At Rutgers–Camden, undergraduates can truly have the best of everything, including small classes, taught by world-class faculty, and the opportunity to engage in high-level research.  Millicent Kipp, a mathematics major and computer science minor, is a perfect example of a student who has taken advantage of what Rutgers–Camden has to offer, and thrived. 

During the past academic year, Millicent worked with Dr. Benedetto Piccoli, Associate Provost for Research and the Joseph and Loretta Lopez Endowed Chair Professor of Mathematics, and Dr. Maria Laura Delle Monache, a post-doctoral researcher, on the research project “Monday Syndrome,” which hypothesized that traffic flow is worse on Mondays than other days of the week. Concentrating on the city of Minneapolis, Minnesota, and the state of California, Millicent gathered data on congestion, speeds, and other traffic statistics.  Then, using her computer science background, Millicent wrote her own codes to analyze the data, and presented her work at the annual Celebration of Undergraduate Research and Creative Activity in April. While laborious, Millicent credits this research experience with “helping me tremendously with computer science coding and my mathematics critical thinking.”  Millicent also received the Dean’s Undergraduate Research Prize in recognition of her outstanding work.

Millicent’s path to success started with her decision to attend Rutgers–Camden.  Initially unsure about whether she wanted to live away from home or commute, Rutgers-Camden quickly rose to the top.  “Rutgers–Camden stood out to me not only because of its excellent value but also for its well-known excellence in education and location.  The highly acclaimed name of Rutgers sealed the deal in determining which school would best suit my needs both in the level of education and financially.”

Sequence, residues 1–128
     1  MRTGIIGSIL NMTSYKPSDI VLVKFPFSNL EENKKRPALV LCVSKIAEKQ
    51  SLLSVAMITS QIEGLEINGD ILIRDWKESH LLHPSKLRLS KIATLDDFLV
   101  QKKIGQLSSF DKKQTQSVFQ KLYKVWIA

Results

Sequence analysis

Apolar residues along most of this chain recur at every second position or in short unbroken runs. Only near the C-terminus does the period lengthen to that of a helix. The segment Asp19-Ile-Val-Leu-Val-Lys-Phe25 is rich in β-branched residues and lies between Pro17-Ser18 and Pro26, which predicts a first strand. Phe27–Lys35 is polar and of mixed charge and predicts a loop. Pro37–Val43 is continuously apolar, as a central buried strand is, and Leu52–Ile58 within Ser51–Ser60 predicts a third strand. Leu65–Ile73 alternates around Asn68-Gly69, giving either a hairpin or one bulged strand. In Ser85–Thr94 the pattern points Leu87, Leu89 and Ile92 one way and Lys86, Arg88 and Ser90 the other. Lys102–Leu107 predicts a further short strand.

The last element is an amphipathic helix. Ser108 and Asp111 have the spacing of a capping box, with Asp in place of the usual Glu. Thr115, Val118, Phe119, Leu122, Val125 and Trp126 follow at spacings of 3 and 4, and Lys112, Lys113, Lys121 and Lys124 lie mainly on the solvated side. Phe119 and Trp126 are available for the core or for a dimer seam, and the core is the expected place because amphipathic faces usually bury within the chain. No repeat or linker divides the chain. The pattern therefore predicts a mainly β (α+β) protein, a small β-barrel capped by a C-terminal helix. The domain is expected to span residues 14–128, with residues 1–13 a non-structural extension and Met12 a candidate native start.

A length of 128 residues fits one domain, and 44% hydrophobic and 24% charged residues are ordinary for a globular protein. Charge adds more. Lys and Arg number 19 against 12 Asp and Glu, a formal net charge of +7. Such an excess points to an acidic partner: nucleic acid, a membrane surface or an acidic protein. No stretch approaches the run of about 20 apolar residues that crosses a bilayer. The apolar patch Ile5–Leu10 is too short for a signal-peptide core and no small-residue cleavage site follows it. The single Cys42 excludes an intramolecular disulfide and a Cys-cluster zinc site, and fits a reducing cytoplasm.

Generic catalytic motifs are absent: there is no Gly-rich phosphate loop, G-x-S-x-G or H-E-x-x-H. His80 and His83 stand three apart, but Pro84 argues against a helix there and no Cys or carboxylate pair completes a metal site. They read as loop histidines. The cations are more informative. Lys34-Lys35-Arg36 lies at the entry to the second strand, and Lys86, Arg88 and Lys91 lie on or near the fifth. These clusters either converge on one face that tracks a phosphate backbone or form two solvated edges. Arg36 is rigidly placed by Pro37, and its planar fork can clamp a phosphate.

Always interested in mathematics, Millicent was clear on her choice of major.  “I love the precision, the well-defined nature, and the accuracy of mathematics,” she says.  Prior to college, Millicent was unfamiliar with computer science, and it was only after discussing the subject with students majoring in computer science that Millicent felt it would be a good fit as a minor.  “It still amazes me that someone can write lines of code and produce a functioning and effective program, but this is why computer science is not only extremely interesting and efficient but practical as well,” Millicent says.

A member of the Civic Scholars, Millicent has also found a way to connect her interest in math with her volunteer work.  On Saturday mornings, Millicent volunteers with the program TeenSharp, teaching mathematics (and more) to eighth grade students.  “Along with mathematical concepts, I have been able to talk about my research, coding, and the importance of hard work and precision in the mathematics field while learning effective ways to stimulate growth and learning for the students.”

A former member of the cross-country team, Millicent served as the Vice Co-Chair of the Student Athletic Advisory Committee (SAAC).  Millicent was able to carry over her commitment to civic engagement through her leadership of SAAC, planning many community and university events, including organizing student-athletes to work together to buy presents for local families during the holiday season. 

While Millicent is still working toward her bachelor’s degree, she has her eye on the future.  She definitely plans to earn her master’s degree in applied mathematics, either immediately after graduation or after she has entered the workforce.  “Either way, I know that I will be able to use my analytical skills and coding knowledge to make a difference in the STEM field wherever I go,” she says.  Given Millicent’s many achievements as a student, she is sure to accomplish much as a graduate, and continue to be a perfect example of a student who has taken advantage of what Rutgers–Camden has to offer, and thrived. 

About Millicent Kipp

Class Year: 2017

Major: Mathematics

Minor: Computer Science

Hometown: West Deptford, NJ


Written by Julie Roncinske